Story as a Means of Engaging Public Educators and Indigenous Students

Martha Moon


Two concerns in public Indigenous education are the education of teachers and the engagement of students.  In this study, drawing on stories and multiple perspectives is an approach presented to address both concerns.  In open-ended interviews with seven Indigenous educators and leaders in urban public school boards, story was highlighted as a central component of the success of Indigenous students.  Participants believed that educators’ understanding and teaching practice is enriched by seeking out stories and multiple perspectives—those of Indigenous students and their families and communities in particular. They also believed that when these stories are valued in school, students’ sense of belonging and engagement increase.  This paper explores various angles on drawing on stories in public schools as modes of engagement and learning for both educators and students.  These angles address the experiences that students, teachers, and families bring to schools and the stories tied to local communities and embedded in Canadian school systems.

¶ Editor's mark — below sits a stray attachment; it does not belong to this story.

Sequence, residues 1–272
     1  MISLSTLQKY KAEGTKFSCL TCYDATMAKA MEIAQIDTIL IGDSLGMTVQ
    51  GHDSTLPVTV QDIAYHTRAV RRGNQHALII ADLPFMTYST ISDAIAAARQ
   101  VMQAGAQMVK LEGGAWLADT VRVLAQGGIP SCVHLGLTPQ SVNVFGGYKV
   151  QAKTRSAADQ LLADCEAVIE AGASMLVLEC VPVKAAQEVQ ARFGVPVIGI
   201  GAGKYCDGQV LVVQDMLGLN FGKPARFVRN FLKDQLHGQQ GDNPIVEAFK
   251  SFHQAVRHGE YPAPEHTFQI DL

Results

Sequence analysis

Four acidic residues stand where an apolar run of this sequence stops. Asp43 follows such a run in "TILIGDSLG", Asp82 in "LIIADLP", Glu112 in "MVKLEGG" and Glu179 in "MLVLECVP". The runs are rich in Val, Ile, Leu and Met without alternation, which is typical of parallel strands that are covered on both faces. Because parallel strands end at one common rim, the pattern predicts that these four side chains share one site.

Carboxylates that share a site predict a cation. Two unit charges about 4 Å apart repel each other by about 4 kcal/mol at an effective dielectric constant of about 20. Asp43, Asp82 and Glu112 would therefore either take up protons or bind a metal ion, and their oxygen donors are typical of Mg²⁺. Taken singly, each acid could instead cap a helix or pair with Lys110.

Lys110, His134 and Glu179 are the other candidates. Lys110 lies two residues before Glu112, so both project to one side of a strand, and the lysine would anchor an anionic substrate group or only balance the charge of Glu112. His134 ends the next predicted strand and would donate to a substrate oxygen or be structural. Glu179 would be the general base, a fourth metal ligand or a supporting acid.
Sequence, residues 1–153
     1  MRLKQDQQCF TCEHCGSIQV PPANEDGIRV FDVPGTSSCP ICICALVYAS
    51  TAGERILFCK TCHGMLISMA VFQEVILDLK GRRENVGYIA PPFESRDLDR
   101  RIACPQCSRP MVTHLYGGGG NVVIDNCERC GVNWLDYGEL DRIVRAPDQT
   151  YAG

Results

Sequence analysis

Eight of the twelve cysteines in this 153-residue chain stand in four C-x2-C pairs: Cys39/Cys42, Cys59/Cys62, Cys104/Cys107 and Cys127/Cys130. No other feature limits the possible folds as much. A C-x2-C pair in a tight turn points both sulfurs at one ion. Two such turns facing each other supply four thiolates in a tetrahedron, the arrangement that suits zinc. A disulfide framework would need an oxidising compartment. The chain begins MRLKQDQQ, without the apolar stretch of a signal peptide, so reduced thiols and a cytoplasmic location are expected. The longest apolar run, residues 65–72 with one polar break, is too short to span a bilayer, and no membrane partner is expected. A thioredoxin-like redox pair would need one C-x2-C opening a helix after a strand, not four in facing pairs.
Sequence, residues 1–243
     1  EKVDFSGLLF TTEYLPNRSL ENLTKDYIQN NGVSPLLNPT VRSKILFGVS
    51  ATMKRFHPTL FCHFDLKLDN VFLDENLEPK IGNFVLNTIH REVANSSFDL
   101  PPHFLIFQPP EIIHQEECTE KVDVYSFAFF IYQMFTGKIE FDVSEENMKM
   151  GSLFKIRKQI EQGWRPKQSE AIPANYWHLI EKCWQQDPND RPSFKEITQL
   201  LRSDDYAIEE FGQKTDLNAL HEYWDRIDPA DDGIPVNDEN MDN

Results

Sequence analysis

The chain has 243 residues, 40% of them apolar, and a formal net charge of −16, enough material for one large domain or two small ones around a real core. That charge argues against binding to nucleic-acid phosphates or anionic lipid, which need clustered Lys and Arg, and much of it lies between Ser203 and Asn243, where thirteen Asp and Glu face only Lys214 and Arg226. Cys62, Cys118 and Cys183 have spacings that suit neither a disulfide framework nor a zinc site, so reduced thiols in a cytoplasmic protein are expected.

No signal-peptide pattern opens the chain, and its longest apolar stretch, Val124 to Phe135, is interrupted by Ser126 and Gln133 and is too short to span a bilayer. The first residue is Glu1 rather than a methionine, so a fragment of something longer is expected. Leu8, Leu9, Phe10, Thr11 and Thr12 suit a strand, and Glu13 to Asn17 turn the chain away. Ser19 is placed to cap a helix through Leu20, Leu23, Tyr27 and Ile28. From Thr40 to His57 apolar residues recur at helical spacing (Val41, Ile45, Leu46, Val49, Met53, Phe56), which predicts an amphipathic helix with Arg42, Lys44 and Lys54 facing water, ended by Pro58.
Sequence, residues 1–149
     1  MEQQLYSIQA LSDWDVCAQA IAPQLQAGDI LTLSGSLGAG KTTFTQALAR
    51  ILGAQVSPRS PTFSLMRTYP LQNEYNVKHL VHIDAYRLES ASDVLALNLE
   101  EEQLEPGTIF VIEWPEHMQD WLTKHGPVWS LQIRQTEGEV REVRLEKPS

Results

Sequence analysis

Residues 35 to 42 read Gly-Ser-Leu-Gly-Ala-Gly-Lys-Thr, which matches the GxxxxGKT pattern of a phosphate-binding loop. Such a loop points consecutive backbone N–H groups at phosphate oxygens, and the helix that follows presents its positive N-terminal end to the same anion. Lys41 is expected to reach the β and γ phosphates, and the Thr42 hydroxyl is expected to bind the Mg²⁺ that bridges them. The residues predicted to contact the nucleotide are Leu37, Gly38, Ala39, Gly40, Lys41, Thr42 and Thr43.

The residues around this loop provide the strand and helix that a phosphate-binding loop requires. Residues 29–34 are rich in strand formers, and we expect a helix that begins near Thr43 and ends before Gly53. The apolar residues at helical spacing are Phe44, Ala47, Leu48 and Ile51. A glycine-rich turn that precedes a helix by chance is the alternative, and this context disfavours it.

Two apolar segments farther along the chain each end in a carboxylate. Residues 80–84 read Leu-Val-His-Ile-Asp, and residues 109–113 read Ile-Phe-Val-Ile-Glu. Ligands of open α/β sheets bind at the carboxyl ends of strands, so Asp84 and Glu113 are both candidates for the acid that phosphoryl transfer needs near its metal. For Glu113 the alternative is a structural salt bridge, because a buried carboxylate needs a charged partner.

K-12; education; story; relationship;

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